The April issue of "Consumer Reports" is the 50th anniversary annual auto issue and contains the best car picks among the 2003 models. Several of them will be on The Early Show plaza.
CR picked the best 2003 models in 10 categories, best car tested, fun to drive, family sedan, small sedan, driving green, affordable versatility, small SUV, mid sized SUV, pickup truck and minivan.
Here are five vehicles that represent four categories:
Cost between $21,000 to $23,000
It was redesigned for 2003. David Champion, director of the "Consumer Reports" auto-testing facility in East Haddam, Conn., said that it drives more like a European car than the previous model. In the CR issue it is described as having an "excellent balance of comfort, agility, roominess, performance and affordability."
"It's almost a luxury car," said Champion. "It has very smooth 6-cylinder engine with a 5-speed auto transmission and it has very nice steering, handling and a ride that gives it a real driver's car impression. The interior is beautifully crafted." On the inside, he specifically mentioned the door panels, wood inserts and leather seats.
Honda Pilot - Best Midsized SUV
Champion said that it's based on the Honda Odyssey minivan, which is larger. "It has seating for eight, very flexible and has all-wheel drive," said Champion. It also has a nice interior and a powerful V6 engine for its class.
Chevrolet Avalanche - Best pickup truck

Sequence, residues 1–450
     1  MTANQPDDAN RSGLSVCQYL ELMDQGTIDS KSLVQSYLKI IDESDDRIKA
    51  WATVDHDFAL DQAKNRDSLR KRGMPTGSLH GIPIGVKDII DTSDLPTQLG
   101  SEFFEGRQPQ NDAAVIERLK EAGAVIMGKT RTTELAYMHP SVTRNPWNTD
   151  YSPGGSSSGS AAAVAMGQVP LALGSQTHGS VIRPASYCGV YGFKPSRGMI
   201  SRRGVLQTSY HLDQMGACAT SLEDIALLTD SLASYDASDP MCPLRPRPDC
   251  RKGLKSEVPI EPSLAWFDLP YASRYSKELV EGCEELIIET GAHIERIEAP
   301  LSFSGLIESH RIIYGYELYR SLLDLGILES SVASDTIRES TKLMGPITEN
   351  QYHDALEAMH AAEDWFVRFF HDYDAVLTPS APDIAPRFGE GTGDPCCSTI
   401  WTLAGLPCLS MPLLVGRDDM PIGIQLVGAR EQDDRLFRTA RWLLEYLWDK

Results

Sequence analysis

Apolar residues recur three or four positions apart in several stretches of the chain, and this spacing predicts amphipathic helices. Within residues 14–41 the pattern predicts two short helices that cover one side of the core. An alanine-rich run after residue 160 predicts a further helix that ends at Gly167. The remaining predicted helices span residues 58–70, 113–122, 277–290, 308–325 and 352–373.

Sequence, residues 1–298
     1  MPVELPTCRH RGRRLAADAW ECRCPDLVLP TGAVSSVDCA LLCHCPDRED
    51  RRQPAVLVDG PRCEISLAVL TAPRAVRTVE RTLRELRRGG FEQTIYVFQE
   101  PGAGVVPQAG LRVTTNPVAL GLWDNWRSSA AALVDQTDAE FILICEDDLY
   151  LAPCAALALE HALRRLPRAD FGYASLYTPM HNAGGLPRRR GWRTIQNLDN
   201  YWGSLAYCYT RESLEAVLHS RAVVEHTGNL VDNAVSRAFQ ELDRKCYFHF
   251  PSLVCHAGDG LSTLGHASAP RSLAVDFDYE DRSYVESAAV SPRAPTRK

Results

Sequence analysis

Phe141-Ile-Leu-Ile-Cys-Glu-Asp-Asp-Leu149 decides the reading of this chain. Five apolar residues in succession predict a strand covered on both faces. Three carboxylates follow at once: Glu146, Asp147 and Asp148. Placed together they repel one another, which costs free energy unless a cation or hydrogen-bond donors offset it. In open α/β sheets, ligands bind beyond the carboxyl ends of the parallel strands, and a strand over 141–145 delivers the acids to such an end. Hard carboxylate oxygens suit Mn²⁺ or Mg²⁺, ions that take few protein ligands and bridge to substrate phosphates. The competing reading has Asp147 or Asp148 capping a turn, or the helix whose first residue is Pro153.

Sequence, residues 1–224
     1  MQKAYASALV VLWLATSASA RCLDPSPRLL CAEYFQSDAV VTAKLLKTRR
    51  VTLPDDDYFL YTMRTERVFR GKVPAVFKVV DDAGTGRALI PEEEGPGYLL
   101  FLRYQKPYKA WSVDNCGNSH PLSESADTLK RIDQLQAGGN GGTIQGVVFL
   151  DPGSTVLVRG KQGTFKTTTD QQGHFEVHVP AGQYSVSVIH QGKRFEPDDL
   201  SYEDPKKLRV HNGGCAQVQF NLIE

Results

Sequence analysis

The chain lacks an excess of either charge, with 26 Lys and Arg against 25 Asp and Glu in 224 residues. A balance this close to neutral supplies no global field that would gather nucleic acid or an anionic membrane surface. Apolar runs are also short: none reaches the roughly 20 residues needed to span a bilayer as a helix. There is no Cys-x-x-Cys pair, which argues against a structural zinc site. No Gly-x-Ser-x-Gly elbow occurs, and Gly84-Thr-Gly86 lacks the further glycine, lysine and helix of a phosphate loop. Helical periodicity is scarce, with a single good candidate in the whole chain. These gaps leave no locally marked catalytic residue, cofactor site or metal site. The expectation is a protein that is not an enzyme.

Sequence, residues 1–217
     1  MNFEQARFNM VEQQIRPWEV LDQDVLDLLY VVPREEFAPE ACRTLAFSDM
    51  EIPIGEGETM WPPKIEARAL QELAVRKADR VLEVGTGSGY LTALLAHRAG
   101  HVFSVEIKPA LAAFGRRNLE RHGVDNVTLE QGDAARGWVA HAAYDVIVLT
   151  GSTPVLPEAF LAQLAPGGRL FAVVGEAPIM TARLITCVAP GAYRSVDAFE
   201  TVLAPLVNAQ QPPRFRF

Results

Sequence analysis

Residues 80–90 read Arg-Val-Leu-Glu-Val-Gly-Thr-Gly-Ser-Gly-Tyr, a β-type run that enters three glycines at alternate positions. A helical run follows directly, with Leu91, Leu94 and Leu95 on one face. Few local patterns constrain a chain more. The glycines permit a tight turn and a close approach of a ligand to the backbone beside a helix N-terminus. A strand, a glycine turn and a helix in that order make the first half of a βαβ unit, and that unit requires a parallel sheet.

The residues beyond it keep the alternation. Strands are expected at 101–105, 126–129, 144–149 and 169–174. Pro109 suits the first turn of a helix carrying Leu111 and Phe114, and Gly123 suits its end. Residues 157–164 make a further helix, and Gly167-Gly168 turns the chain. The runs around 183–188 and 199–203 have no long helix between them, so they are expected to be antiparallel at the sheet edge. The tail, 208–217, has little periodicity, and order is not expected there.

Cost $33,000 to $37,000
"Pickup trucks are becoming much more popular," said Champion. "Once they were fairly crude and basic and uncomfortable. Now they drive much like a car and offer a relatively comfortable ride." It has a powerful V8 engine and seats five when the midgate is raised.
BMW 530i - Best car tested
Cost approximately $46,000
This sports sedan received the highest overall score of all the cars tested. CR described it as having "excellent handling and exceptional comfort with advanced safety features, responsive performance, and exquisite fit and finish. It effectively combines sportiness and luxury, something few vehicles can match."
Those cars were ranked high for being reliable in response to the magazine's annual survey of subscribers. "The top picks have to be top of class in terms of performance and have average or better reliability," said Champion.
"Consumer Reports" is the only auto-testing magazine that doesn't accept advertising. The cars that it tests are anonymously bought from dealerships by the magazine. That's because the testers want to be in a position to be completely objective. Last year, itspent $1.3 million on test vehicles.
The reliability assessment is based on the nearly half-million responses to the annual survey that is sent to CR subscribers. "Every year, a questionnaire is sent out to nearly 4 million subcribers," said Champion, "They tell us how reliable the car is in everyday life. We receive information back from about 480,000 consumers."
In addition to testing cars that are bought anonymously at dealerships, Champion said that CR employees take the cars home and test them for 2,000 miles in everyday driving to see how well it drives and how useful it is for a family. "After 2,000 miles, the wheels are realigned and the car is put through a whole battery of tests," said Champion. "It goes through tests for acceleration, braking, emergency handling, interior comfort, etc. Each test is scored numerically."
Champion said that throughout the year, the results of road tests are reported in "Consumer Reports," but once a year, one entire issue is devoted to cars.